I don’t think you or other outsiders can properly say “those areas are unimportant – remove them” like you try here. Outdated compilers and old protocols don’t just evaporate and vanish, they are still around and we have large amount of users on platforms many random people think are dead. Who’s to say what to remove and what to keep? An interesting challenge.

    I’m not a believer in “rewrite to fix the problems”. You’d only throw away over a dozen years of experiences and fixes of subtle problems in code, network and protocol logic. I believe in iterative and organic growth and fixing of problems.

    I’m all for improving libcurl, and I believe we have proved through the years that we can do drastic changes of code and internals without rewriting everything. We just evolve. I believe that’s the key going forward as well.

  3. I’m not saying these aren’t important. I’m sure support for, say, Watcom C wasn’t added for fun. It’s there because someone needed that, that’s pretty obvious. And I’m not claiming I know the exact set of things that should change or go completely. I’m simply suggesting that maybe some things should. I’m in no position to decide which ones are alive and which aren’t. But there are clearly people who are or could be. 😉

    Don’t get me wrong, I’m not some hip youngster who’s come here with “duuude, these things are so obsolete, dude! you should write this thing in node.js, duuude!” attitude. I work mostly with legacy codebases in companies that are slow to adapt new stuff. So I understand the inertia of big software development. But there’s always a point, IMO, when one has to say: it’s been supported long enough, it’s time to cut it.

    I’m also not suggesting rewrite (not sure where this came from, honestly), but rather an evolution. The great thing about curl is that docs/ contains a lot of useful info for people wanting to understand and contribute. So e.g. the number of ifdefs is massive but it’s still possible to grasp the complexity of the code. It’s also, I’d argue, possible to move to a slightly more modular code that would localize toggles.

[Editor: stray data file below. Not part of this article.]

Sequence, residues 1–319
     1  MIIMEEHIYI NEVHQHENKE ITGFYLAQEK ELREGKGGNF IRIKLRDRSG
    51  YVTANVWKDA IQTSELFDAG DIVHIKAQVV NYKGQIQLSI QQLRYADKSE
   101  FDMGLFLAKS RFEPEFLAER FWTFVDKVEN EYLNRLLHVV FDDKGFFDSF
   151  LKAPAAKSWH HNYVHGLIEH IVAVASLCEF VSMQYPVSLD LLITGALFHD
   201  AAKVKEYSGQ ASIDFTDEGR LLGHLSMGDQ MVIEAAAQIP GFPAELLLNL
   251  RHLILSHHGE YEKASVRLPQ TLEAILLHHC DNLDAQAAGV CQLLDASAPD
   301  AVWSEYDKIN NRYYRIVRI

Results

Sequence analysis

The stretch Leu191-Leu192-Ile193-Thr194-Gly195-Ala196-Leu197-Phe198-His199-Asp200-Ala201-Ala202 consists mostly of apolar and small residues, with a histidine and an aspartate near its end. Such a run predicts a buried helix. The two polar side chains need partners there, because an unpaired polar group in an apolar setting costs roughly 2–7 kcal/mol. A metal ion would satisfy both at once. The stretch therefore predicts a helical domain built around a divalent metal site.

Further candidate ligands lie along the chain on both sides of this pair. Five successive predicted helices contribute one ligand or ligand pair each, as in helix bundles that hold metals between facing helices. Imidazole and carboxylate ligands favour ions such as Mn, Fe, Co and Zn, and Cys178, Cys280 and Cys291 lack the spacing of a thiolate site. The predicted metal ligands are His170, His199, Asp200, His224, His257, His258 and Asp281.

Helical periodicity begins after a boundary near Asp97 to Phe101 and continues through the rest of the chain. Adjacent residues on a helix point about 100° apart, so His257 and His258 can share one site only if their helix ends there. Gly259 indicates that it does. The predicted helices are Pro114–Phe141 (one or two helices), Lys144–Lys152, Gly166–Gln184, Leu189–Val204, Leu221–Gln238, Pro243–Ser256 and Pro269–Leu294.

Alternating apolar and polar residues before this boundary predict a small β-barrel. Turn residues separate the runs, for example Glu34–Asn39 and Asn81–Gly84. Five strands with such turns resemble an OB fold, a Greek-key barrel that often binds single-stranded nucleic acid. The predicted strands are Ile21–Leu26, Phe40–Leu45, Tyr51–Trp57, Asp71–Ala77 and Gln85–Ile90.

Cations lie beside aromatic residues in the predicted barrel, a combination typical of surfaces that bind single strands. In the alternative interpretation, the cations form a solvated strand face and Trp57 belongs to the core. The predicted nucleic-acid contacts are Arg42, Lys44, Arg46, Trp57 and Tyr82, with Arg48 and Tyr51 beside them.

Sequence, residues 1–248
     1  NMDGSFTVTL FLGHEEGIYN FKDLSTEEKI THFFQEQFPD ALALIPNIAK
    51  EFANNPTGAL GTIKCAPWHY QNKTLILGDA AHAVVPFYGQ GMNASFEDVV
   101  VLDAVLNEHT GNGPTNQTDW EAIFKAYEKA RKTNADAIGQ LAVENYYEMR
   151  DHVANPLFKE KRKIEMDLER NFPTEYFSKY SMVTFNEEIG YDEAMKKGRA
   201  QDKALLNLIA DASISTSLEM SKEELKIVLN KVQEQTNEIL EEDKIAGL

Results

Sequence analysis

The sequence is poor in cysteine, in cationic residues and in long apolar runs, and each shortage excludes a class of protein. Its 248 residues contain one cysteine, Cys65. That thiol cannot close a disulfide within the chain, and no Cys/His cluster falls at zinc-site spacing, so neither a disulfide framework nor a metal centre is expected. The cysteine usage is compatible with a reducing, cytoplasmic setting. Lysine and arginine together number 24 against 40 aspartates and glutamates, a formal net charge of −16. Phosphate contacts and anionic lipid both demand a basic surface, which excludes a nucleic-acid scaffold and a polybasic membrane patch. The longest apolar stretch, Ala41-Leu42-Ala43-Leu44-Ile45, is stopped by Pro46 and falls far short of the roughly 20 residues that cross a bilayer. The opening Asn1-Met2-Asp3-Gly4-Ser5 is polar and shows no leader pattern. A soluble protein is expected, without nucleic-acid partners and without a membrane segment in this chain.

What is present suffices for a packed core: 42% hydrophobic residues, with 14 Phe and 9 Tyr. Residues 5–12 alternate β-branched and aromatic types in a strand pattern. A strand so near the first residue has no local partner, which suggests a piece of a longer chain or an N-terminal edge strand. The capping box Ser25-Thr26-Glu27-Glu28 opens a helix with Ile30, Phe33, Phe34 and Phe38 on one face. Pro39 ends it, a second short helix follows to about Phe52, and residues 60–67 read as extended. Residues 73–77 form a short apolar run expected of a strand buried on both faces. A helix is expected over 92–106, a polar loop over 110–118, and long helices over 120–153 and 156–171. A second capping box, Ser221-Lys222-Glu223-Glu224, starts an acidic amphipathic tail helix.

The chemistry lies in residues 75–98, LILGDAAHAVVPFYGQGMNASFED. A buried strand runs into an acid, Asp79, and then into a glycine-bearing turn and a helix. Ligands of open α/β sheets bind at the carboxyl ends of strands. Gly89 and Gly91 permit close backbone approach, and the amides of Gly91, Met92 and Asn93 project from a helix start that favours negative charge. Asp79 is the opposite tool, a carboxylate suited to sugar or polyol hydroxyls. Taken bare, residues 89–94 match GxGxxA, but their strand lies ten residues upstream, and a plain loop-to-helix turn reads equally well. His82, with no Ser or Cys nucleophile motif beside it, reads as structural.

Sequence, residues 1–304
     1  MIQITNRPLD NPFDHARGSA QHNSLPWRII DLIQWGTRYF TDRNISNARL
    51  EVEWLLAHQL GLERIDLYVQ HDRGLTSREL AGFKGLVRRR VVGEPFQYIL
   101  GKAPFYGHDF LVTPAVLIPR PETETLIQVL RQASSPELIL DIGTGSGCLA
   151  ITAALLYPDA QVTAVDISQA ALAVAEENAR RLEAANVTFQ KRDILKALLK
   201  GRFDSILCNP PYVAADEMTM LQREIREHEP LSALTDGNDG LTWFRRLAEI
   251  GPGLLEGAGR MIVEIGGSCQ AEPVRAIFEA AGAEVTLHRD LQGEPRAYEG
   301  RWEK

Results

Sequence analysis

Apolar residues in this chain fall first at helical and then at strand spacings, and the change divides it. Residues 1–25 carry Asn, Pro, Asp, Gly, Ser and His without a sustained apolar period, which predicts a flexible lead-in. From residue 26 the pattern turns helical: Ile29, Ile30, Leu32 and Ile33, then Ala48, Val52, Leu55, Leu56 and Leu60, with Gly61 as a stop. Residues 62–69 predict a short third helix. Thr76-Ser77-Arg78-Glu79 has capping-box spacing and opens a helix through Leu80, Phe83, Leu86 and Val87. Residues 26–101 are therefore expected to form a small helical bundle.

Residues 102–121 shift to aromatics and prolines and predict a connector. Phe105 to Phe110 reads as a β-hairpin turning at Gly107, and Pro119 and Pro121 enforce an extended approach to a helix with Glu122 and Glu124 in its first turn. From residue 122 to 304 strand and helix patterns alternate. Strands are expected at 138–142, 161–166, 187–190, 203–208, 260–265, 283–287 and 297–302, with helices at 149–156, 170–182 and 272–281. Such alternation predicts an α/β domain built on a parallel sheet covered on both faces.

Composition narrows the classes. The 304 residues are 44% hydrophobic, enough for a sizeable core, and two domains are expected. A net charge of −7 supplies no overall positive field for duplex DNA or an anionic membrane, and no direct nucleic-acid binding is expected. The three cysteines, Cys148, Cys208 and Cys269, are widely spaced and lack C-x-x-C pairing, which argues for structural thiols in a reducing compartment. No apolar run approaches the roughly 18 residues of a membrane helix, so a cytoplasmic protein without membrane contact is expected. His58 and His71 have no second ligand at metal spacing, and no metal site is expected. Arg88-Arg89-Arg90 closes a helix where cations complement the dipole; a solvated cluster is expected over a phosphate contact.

But I guess it all boils down to “I don’t see anyone volunteering”. I’m still concerned and mildly worried. But I hope I’m just paranoid about the code in general. 🙂


  4. I think you have a fair point. There probably is at least one pretty serious vulnerability hiding in there that will reveal itself one day in the future and then we can come back here and see that you said so already in September 2014… =)

  5. I honestly hope this won’t happen. But if the glory comes, my body is ready! ;]

  6. This post pretty much describes my work on Buildbot. I’ve been struggling for a while to broaden the group of people doing all of these things, so that I’m not a single point of failure (or delay) for the project. Are you doing anything similar, and if so, what have you found to be effective?

  7. Dustin: yeah, I’ve always tried to make things in the project not be about me or rely on me personally, which is one of the reasons I so strongly urge people to not discuss open source matters with me privately but to use the mailing lists. I also try to document as much as possible and aid newcomers to find their way into the project etc.

    I can’t say that I’ve managed particularly well. The core people in the project are but a handful of faithfuls that have been around for years.

    I think we have a few things speaking against us: our stuff mostly just works (there’s usually no need to get involved), it isn’t a “sexy project” in any way just a core thing written in C89 and we’re pretty good already at fixing bugs and adding necessary features so if you just wait a while chances are that the few problems you’ve seen or features you’ve missed get fixed or added anyway.

    I’ve mostly just come to terms with that this is the way it’ll be, and I’ll keep on pretending we can widen our developer group one day but I have no illusions that it will actually eventually be so…

    I’m not complaining, this is my hobby and I love it and I even get to do it partly during paid work hours!